Washington Department of Fish and Wildlife (WDFW) biologists believe a gray wolf pack may exist in western Okanogan County, based on results of a howling survey there July 8.
During the recent survey—initiated in response to reports of wolf sightings, reports of howling and remote-camera photos of possible wolves—biologists heard multiple vocalizations indicating adult and juvenile wolves were in the area. The biologists visited several locations making wolf-like howls, and heard multiple adult and juvenile howls in response.
State and federal biologists will continue investigations to confirm the presence of a wolf pack. If confirmed, it would be Washington’s first resident wolf pack since the species disappeared from the state in the 1930s. While individual wolves have been reported in Washington, resident wolf breeding pairs or packs have not yet been confirmed.
State biologists are working U.S. Fish and Wildlife Service and U. S. Forest Service biologists on plans to collect DNA samples from some of the animals and equip some with radio-collars.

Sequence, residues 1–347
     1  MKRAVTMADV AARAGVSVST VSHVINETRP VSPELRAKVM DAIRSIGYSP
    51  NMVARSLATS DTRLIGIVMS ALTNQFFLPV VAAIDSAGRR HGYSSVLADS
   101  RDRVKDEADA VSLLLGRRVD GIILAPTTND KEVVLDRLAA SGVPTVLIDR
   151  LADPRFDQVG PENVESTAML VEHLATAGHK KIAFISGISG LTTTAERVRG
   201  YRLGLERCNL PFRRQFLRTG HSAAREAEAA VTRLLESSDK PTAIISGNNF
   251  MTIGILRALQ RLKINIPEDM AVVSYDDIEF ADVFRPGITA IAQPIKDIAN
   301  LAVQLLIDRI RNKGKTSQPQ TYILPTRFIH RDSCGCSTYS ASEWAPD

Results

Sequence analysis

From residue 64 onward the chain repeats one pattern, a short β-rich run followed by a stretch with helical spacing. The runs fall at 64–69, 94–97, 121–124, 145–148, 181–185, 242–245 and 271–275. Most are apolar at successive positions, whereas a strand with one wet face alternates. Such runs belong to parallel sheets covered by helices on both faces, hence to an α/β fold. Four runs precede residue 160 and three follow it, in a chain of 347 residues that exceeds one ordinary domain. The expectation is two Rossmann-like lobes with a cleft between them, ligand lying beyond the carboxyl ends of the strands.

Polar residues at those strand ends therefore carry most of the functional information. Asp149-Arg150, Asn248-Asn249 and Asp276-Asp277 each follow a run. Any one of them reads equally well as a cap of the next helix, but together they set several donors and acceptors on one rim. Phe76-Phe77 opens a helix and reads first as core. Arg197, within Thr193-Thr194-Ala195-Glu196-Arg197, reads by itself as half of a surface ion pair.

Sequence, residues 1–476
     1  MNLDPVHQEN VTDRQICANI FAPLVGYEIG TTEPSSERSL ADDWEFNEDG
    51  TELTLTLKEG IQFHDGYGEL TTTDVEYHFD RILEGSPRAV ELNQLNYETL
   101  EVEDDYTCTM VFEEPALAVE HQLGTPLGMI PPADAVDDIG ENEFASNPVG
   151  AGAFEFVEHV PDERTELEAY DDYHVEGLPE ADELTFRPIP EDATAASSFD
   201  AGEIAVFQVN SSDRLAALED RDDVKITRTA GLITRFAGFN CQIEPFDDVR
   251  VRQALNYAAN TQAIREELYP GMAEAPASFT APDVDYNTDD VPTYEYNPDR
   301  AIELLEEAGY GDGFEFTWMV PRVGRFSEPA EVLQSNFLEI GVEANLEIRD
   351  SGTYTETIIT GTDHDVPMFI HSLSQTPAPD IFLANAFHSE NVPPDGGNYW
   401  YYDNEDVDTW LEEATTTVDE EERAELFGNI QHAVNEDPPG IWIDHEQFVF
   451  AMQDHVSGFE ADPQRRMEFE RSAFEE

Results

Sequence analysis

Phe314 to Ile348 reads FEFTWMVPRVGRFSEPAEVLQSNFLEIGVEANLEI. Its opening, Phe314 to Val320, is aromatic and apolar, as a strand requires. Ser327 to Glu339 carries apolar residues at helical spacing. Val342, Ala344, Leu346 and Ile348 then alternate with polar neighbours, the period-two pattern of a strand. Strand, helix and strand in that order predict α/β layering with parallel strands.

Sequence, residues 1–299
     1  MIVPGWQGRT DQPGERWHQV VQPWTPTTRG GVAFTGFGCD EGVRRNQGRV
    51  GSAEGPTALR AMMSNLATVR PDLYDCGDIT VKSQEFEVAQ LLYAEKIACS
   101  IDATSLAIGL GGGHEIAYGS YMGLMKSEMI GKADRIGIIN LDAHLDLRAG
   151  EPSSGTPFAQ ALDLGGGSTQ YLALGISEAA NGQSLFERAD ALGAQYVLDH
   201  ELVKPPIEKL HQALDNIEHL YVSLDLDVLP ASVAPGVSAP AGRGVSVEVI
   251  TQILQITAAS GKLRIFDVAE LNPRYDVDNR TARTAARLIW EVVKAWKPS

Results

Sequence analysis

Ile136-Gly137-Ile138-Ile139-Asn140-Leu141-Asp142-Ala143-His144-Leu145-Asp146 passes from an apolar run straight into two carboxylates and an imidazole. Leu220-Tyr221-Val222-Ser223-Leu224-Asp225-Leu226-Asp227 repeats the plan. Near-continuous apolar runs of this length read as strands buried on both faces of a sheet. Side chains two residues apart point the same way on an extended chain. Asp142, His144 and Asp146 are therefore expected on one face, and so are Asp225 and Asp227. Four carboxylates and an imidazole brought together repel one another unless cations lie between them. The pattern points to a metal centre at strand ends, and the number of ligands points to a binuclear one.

Biologists say wolf howls can be distinguished from vocalizations by coyotes, dogs and other animals by trained, experienced listeners, and domesticated hybrid animals do not establish in the wild. Hearing multiple howls from juvenile as well as adult animals suggests the presence of a pack rather than transient, adult animals.
The gray wolf is federally protected as an endangered species in the western two-thirds of the state, west of State Routes 97 and 17, under the Endangered Species Act (ESA). The area where the howling survey was conducted is well within the federal protection area, and any wolf activity will be handled under joint federal-state Wolf Response Guidelines. For the response guidelines and more information on gray wolves visit http://wdfw.wa.gov/wlm/diversty/soc/gray_wolf/ on the WDFW website. Gray wolves also are listed as a state endangered species throughout Washington.
In response to the anticipated return of wolves and state management responsibility following federal de-listing of wolves in the eastern third of the state earlier this year, WDFW began developing a conservation and management plan for the species in 2006. A citizen Wolf Working Group was appointed to advise WDFW in developing the plan. The working group provides input to WDFW on key elements of the plan and will review its content.
The draft management plan will be subject to scientific peer review later this year and a 90-day public-review process next year. The final plan will be presented to the Washington Fish and Wildlife Commission for consideration in 2009.
Anyone wishing to report a possible wolf sighting or activity should call the toll-free wolf reporting hotline at 1-888-584-9038. Those with concerns about possible wolf-caused livestock depredation should call the USDA Wildlife Services in Olympia at (360) 753-9884 or the USFWS in Spokane at (509) 891-6839.